Waiting Patiently.
(A WWII Historical Fiction)
By Brooke

   I just watched my dad climb into the boat to go to World War ll. It was terrible. My name is Brooke and I am 12 years old. I live in Tuscaloosa, Alabama, with my mom, my brother, and my dog. My dad just left for War. It's going to be hard for the next several years. I don't even know how long he will be gone. It's all a mystery.

   I remember then moment my dad left. It wasn't that long ago. My family was all there having a good life, until he had to leave.

 "I'm so sorry I have to leave, guys" my dad apologized. "I promise I will try to write.''

  "Bye dad. I miss you already." I pouted.

  I watched my dad climb into Queen Elizabeth with a lot of other people, and then a few minutes later they sailed away. They got smaller and smaller as they got farther and farther away. Everybody was either waving or crying, or just doing both at the same time. I missed my dad already. I think this was the saddest moment in my life. I pulled out a picture I had kept of him and looked at it. I looked at it for a really long time.

   My mom interrupted me and said "Come on kids, we should head home now." I walked away with her crying.

   Once we were back home it felt really weird. It didn't feel complete. It felt like he has been gone for a year and he hasn't even been gone for a day yet! All I want to do for the next few years is stay inside.

    My mom always yells at me and my brother and says "Get up and go outside. Just because dads gone doesn't mean you can't be active!''

   "Nooooooooo" I pouted. " Do I even have to go to school?"

   "Okay fine. You can stay inside, but you still have to go to school." my mom said.

  School is going to be weird for the first few weeks of school. Mostly all the kids dads or uncles or someone is in their family is in the war. Some of the teachers husbands are even gone! If one person brings their dads being gone up in school and someone really sad overhears them they'll start bursting out crying, and then the teachers have to take them somewhere else and have a little talk with them about why they had to go and all that kind of stuff. That's happened  more than ten times in the past week. I don't get sad and cry though. I know my dad is going to come back. What I say to everybody is that you have to be patient.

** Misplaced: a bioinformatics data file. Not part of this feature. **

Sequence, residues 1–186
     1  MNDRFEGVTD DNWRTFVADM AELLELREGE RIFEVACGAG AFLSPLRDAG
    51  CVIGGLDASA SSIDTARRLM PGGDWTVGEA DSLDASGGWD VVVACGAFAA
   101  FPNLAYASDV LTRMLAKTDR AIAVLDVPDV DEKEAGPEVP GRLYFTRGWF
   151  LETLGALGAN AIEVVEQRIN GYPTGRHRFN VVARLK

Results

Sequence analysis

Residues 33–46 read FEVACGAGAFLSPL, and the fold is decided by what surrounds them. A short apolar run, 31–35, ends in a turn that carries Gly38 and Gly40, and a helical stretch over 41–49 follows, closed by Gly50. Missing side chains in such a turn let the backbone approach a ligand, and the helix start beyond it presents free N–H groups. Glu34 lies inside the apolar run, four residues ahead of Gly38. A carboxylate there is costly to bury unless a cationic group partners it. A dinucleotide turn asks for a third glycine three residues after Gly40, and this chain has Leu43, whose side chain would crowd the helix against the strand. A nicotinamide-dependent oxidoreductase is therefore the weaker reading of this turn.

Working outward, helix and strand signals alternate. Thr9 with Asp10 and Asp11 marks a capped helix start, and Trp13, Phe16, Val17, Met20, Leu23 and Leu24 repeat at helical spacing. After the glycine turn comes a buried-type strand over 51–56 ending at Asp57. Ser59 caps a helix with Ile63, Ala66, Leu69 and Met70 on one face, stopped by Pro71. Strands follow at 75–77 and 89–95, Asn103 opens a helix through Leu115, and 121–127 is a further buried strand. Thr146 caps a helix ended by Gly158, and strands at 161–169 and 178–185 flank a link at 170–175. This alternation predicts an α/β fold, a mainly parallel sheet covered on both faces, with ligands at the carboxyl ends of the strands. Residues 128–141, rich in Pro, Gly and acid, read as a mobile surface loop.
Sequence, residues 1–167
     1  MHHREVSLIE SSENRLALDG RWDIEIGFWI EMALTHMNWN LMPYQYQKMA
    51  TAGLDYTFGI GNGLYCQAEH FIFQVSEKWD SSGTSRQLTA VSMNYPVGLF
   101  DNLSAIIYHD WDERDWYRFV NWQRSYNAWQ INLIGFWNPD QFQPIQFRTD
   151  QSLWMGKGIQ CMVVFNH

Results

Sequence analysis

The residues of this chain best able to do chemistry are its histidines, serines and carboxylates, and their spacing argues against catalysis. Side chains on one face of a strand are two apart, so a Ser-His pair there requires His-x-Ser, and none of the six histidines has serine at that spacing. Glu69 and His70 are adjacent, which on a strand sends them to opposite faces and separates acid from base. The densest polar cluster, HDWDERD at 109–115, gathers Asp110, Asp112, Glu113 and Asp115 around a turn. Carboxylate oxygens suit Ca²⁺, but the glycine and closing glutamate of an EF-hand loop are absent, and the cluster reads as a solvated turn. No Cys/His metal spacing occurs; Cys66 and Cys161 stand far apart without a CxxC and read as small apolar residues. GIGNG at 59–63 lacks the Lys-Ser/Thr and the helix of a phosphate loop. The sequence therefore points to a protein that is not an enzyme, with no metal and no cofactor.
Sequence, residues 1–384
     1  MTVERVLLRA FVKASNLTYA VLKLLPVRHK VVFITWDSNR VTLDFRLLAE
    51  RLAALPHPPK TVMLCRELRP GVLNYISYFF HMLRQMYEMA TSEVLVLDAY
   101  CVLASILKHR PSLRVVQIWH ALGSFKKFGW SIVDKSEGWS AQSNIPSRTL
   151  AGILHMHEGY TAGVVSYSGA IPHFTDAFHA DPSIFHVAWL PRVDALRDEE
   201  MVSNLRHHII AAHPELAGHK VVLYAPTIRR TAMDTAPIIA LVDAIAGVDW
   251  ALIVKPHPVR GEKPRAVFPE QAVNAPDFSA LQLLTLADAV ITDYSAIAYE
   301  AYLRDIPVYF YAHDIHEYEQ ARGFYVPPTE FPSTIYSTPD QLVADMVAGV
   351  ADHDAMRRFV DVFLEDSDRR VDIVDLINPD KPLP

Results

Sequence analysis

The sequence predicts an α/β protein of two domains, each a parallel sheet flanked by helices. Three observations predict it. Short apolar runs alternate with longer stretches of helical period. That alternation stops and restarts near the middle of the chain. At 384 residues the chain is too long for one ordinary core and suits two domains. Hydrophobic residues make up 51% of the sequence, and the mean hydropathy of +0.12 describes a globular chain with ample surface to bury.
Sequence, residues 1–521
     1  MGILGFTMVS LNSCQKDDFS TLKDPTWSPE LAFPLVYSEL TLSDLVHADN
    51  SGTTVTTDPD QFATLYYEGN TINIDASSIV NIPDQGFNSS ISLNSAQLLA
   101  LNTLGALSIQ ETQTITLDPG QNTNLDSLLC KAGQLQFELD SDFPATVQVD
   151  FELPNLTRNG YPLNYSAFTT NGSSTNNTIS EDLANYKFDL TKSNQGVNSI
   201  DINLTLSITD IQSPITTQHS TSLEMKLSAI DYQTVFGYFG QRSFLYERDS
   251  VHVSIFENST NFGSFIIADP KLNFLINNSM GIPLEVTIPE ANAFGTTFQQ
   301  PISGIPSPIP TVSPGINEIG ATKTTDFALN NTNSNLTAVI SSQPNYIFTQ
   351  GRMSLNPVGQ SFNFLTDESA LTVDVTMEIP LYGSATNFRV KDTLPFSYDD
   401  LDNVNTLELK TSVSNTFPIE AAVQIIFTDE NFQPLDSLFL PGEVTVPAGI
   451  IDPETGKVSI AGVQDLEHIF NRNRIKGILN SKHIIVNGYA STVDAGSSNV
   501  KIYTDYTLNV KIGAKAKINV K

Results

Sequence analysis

It's now 1941 and I'm fifteen years old and in high school. My dad is still not back and me and all of my friends are still waiting for our dads come back.

"Honey we got a letter from dad!" my mom said.

"Yay! I'm coming to read it!" I exclaimed.

The letter said:

    

Dear Brooke,

I miss you. I promise the war will be over soon. I really want to see you. Tell everyone that I miss them too. There is a lot going on so this letter won't be very long. You might not see another letter from me again before I come back.

Love you, Dad.

It is now 1945 and the war finally ended. I am 18 years old. My dad will be so proud of how I grew up.

"Here comes the boat!" somebody yelled.

Everybody was cheering for all the troops that made it back from the war. There were almost 15,000 people on the boat. They started unloading and I saw my dad get off. I ran and ran until I hugged him. I was so happy to see him. He had some wounds from where he had gotten shot, but he was okay.

"DAD!" I exclaimed "YOUR BACK!"

My family did a huge group hug. We were all together again. It was the best moment of my life.  

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